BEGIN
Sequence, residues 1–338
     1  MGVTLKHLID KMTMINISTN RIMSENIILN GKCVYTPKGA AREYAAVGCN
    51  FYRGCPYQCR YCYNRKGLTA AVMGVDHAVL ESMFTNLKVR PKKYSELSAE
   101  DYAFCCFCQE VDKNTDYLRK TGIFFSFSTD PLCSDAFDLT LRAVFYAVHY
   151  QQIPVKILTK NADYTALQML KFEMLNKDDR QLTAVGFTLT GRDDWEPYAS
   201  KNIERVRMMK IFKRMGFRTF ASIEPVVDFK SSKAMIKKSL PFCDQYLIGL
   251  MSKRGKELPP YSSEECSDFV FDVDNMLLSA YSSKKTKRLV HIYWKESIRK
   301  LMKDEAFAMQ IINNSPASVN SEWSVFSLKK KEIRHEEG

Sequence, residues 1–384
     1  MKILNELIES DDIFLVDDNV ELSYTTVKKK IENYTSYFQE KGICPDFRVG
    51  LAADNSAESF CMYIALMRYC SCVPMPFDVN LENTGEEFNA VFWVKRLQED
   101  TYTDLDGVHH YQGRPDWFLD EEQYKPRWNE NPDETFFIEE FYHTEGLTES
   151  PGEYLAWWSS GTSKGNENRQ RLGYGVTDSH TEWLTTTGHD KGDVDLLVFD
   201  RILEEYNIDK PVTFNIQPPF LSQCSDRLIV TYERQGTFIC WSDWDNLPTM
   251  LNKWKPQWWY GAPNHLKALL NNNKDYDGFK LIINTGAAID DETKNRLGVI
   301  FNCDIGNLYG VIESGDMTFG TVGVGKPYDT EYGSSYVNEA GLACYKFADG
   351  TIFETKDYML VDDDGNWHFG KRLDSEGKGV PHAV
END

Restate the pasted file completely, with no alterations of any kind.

Sequence, residues 1–338
     1  MGVTLKHLID KMTMINISTN RIMSENIILN GKCVYTPKGA AREYAAVGCN
    51  FYRGCPYQCR YCYNRKGLTA AVMGVDHAVL ESMFTNLKVR PKKYSELSAE
   101  DYAFCCFCQE VDKNTDYLRK TGIFFSFSTD PLCSDAFDLT LRAVFYAVHY
   151  QQIPVKILTK NADYTALQML KFEMLNKDDR QLTAVGFTLT GRDDWEPYAS
   201  KNIERVRMMK IFKRMGFRTF ASIEPVVDFK SSKAMIKKSL PFCDQYLIGL
   251  MSKRGKELPP YSSEECSDFV FDVDNMLLSA YSSKKTKRLV HIYWKESIRK
   301  LMKDEAFAMQ IINNSPASVN SEWSVFSLKK KEIRHEEG

Sequence, residues 1–384
     1  MKILNELIES DDIFLVDDNV ELSYTTVKKK IENYTSYFQE KGICPDFRVG
    51  LAADNSAESF CMYIALMRYC SCVPMPFDVN LENTGEEFNA VFWVKRLQED
   101  TYTDLDGVHH YQGRPDWFLD EEQYKPRWNE NPDETFFIEE FYHTEGLTES
   151  PGEYLAWWSS GTSKGNENRQ RLGYGVTDSH TEWLTTTGHD KGDVDLLVFD
   201  RILEEYNIDK PVTFNIQPPF LSQCSDRLIV TYERQGTFIC WSDWDNLPTM
   251  LNKWKPQWWY GAPNHLKALL NNNKDYDGFK LIINTGAAID DETKNRLGVI
   301  FNCDIGNLYG VIESGDMTFG TVGVGKPYDT EYGSSYVNEA GLACYKFADG
   351  TIFETKDYML VDDDGNWHFG KRLDSEGKGV PHAV